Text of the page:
• 16. SPARQL: OTHER OPERATIONS Aside from SELECTs for querying, SPARQL also has CONSTRUCT – creates a single RDF graph from the result of a query by combining (i.e. applying set union on) the resulting triples ASK – returns a Boolean that indicates whether the query is resolvable or not DESCRIBE – returns an RDF graph that describes the result (as determined by the query service) INSERT/DELETE – adds or removes triples from the graph (new in SPARQL 1.1) Graph management operations (CREATE, DROP, COPY, MOVE, ADD) (new in SPARQL 1.1)
  • 17. TRIPLESTORES The statements in an RDF graph (subject-predicate-object) are also known as triples, and the specialized database used for storing them are called triplestores. Triplestores vs Graph Databases – What’s the diff? Triplestores are especially designed to store RDF graphs, which are labeled directed graphs On the other hand, graph databases can store any kind of graph (unlabeled, undirected, weighted, etc.) Graph databases don’t have a standard query language (Cypher?) Triplestores must support SPARQL Triplestores are optimized for graph pattern matching, and may lack the full capabilities of graph DBs But graph databases can be used to implement a triplestore (see Sequeda, J. (2013, January 31) Introduction to Triplestores)
  • 18. SPARQL AND CYPHER SPARQL: PREFIX ex: <http://example.com/> SELECT ?fname FROM <users.rdf> WHERE { ?user ex:address-city ex:Barcelona . ?user ex:firstname ?fname . } Cypher: MATCH user–[:ex_firstname]->fname, user-[:ex_address-city]->city WHERE city.uri = “ex:Barcelona” RETURN fname ex:Jordi ex:Barcelon a ex:address-city “Jordi ” 37 ex:ageex:firstna me
  • 19. TRIPLESTORE IMPLEMENTATIONS Native Triplestores Sesame BigData Meronymy Apache Jena TDB Graph DB-based AllegroGraph Oracle Spatial and Graph (formerly Oracle Semantic Technologies) Relational DB-based Apache Jena SDB IBM DB2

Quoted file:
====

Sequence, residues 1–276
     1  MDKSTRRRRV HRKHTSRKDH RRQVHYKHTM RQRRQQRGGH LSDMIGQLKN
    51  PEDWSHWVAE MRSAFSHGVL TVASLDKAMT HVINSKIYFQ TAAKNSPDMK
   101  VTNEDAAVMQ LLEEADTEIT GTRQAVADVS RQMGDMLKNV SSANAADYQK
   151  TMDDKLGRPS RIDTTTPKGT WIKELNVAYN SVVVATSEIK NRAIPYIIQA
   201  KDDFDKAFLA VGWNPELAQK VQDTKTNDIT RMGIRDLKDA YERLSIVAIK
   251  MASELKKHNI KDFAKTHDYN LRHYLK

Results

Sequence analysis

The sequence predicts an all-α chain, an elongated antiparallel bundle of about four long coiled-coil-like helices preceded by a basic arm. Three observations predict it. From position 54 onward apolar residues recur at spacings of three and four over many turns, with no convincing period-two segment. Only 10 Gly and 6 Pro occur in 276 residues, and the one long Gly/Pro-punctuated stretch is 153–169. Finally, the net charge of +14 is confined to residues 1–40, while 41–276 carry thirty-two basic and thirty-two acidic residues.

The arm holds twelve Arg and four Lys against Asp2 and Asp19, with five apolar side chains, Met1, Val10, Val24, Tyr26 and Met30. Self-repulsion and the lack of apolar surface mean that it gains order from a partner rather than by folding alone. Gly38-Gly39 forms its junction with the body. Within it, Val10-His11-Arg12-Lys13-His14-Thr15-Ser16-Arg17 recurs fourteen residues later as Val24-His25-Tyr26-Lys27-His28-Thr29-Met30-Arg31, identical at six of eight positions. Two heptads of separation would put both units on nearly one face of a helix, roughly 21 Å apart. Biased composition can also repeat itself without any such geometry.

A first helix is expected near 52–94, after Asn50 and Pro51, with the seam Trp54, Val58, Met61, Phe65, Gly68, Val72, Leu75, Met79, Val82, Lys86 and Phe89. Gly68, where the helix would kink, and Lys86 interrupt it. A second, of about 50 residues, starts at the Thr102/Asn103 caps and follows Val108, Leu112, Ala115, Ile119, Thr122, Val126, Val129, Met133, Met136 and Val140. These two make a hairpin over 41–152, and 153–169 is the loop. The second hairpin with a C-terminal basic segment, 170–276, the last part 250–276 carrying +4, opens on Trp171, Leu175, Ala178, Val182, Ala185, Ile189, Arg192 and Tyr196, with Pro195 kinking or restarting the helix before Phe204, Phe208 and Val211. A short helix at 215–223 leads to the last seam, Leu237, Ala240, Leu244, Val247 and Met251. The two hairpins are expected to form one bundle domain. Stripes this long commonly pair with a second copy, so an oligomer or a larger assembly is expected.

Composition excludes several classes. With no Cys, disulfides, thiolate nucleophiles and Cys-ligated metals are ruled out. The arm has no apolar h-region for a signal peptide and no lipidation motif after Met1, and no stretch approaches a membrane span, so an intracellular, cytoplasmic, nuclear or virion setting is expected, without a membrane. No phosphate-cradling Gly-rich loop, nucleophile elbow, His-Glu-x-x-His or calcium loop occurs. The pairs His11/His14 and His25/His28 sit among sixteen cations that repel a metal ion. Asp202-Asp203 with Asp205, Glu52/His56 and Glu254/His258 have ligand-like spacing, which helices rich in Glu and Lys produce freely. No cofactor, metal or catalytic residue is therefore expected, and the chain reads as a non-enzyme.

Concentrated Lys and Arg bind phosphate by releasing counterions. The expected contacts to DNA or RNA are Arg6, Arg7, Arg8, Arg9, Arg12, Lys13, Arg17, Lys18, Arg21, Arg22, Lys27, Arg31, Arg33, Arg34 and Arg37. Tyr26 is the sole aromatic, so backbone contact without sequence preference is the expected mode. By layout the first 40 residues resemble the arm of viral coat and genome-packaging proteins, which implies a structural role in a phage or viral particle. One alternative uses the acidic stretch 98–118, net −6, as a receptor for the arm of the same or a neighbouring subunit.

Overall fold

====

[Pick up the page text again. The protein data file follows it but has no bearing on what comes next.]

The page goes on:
• 20. APACHE JENA Born in HP Labs in 2000, became a top-level Apache project in April 2012 The Jena Framework includes A Java API for working with RDF models A SPARQL query processor An efficient disk-based native triplestore A rule-based inference engine that can be used with RDF-based ontologies A server for accepting SPARQL queries over HTTP (a SPARQL endpoint)
  • 21. APACHE JENA: RDF API The Statement interface represents triples, while the Model interface represents the whole RDF graph Given a Statement, one could invoke  getSubject(), which would return a Resource  getPredicate(), which would return a Property  getObject(), which would return an RDFNode (which can be a Resource or a Literal) To create our example basic RDF graph: Model model = ModelFactory.createDefaultModel(); Resource j = model.createResource(“http://example.org/Jordi”); Resource bcn = model.createResource(“http://example.org/Barcelona”); Property addrCity = model.createProperty(“ex”, “address-city”); // This automatically creates a Statement in the associated model. j.addProperty(addrCity, bcn);